Yesterday, Greg published a post about the value of Choice Privileges points. I know that most readers don’t get wildly excited about a Comfort Inn or even a Cambria Suites. However, even if Choice Privileges property doesn’t fit your typical hotel preference, there is value in diversifying your points. With the value of the current offer — both in terms of a big bonus and extra bonus points on all purchases for the first year — this card is suddenly on my radar. Given those factors and the card’s big spend bonus, now is the time to go after it if you’ve ever been interested in Choice Privileges points. To be clear, we don’t have any affiliate link for this card, I just find the current offer intriguing and worth a bit more thought.
Bonus offers great return on spend
Here is the current offer on the Choice Privileges Visa that has my attention:
|Card Offer and Details|
First of all, 75,000 Choice Privileges points is quite a haul. We more typically see a bonus of just 32,000 points on this card. I can’t recall a time we’ve seen so many points available as a new cardmember bonus.
In yesterday’s post, Greg adjusted our value for Choice Privileges points downward to 0.68c per point. At that valuation, 75,000 points are worth about $510. As a return on $2K spend, that’s not too shabby – and that’s not the full story. Since you ordinarily earn 2x everywhere on this card and with the current offer you also earn 2 more bonus points per dollar spent until the end of 2021, you’ll get 4x on the $2K required spend. That means you’ll actually end up with a total of 83,000 Choice Privileges points after just $2K spend. At the 0.68c valuation, that’s $564.40 in value.
I think many readers likely focus on using points to better-than-reasonable value. After all, the fun in the games we play is in the feeling of “winning”. Since Greg’s reasonable redemption value was the median observed value, that means you have a 50% chance of doing better than 0.68c per point. He found that in 25% of observed cases, you’d get 0.8c per point or more in value. While it may not be the majority of properties, I think it is likely that the properties most interesting to those of us immersed in loyalty programs will be that group of hotels that yield higher value. If you’re able to save your points for those types of opportunities, you’re looking at getting $664 in value out of the points. That’s like a 33% return on $2K spend. That’s really solid return on spend. To be fair, the current return on the increased Hilton card offers is even better. I wouldn’t prioritize this Choice offer ahead of those limited-time Hilton offers, which yield even more value. However, Choice gets pretty competitive here against most hotel credit cards with this 75K offer – particularly considering that the Choice card has no annual fee.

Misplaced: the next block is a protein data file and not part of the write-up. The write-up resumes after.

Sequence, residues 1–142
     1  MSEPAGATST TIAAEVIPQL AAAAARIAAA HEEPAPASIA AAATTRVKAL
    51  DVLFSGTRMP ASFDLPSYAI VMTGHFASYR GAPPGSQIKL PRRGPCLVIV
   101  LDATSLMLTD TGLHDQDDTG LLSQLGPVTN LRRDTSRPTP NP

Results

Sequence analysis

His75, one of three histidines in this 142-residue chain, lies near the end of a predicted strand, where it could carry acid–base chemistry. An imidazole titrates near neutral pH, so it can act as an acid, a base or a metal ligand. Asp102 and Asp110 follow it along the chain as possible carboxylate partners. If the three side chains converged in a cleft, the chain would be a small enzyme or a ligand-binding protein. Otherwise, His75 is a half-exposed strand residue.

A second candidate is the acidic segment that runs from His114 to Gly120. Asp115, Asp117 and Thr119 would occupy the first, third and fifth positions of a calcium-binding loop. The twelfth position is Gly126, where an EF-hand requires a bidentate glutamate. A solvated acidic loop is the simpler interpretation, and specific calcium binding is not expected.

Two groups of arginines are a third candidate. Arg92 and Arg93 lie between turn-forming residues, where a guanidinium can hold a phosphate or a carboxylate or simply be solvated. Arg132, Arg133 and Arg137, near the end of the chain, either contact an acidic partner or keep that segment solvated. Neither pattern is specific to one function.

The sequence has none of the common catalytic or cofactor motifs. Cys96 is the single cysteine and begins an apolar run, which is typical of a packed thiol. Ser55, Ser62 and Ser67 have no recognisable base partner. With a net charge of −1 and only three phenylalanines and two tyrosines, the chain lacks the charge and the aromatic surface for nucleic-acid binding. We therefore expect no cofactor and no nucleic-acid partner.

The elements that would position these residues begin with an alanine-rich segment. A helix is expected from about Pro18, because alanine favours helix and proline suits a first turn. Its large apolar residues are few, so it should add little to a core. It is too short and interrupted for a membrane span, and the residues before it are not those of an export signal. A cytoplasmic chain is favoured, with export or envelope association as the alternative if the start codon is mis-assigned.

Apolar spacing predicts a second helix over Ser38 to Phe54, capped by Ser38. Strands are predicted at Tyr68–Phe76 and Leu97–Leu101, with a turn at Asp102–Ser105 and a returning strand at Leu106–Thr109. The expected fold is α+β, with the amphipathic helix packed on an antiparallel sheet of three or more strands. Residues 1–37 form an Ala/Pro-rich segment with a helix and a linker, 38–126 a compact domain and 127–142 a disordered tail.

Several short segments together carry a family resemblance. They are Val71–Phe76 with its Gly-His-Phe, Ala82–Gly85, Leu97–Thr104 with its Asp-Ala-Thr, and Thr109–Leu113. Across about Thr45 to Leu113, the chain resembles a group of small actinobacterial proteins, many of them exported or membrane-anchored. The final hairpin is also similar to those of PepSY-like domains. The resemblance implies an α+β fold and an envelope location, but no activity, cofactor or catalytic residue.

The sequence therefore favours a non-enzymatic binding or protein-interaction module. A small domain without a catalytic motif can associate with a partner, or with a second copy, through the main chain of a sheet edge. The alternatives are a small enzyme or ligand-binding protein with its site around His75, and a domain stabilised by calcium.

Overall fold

Big spend bonus juices the first year totals even more
For those folks willing to get mildly spendy on this card, the total net deal could get even better. Greg buried the key analysis of the Choice Privileges Visa in the conclusion of his post about the value of Choice points and then (in my opinion) did not give it the enthusiasm it deserves. As he noted, the Choice Privileges Visa has an annual big spend bonus of 8,000 bonus points after $10K spend in a calendar year. That’s a standard card benefit on top of the 2 additional points per dollar on everyday spend.
In other words, if you opened the card now and met the spending requirement in the first 3 months and proceeded to spend $10K total on the card during 2021, you would have:
- 75,000 points (credit card welcome bonus)
- 20,000 points ($10K at 2x everywhere)
- 20,000 points (extra 2 points per dollar on spend during 2021)
- 8,000 points (big spend bonus for spending $10K in a calendar year)
- 123,000 points after $10K in total purchases
Talk about boosting your balance! Going from zero to 123,000 Choice Privileges points could be a nice deal for someone wo knows how to get good value out of the Choice Privileges program (and in fairness, Greg implied as much). Based on the 0.68c valuation, that’s about $836 worth of value. With half of the properties Greg surveyed getting even more value out of that many points, there is a 50/50 shot of doing even better.
Getting more than $800 back on $10K spend is a very good offer indeed.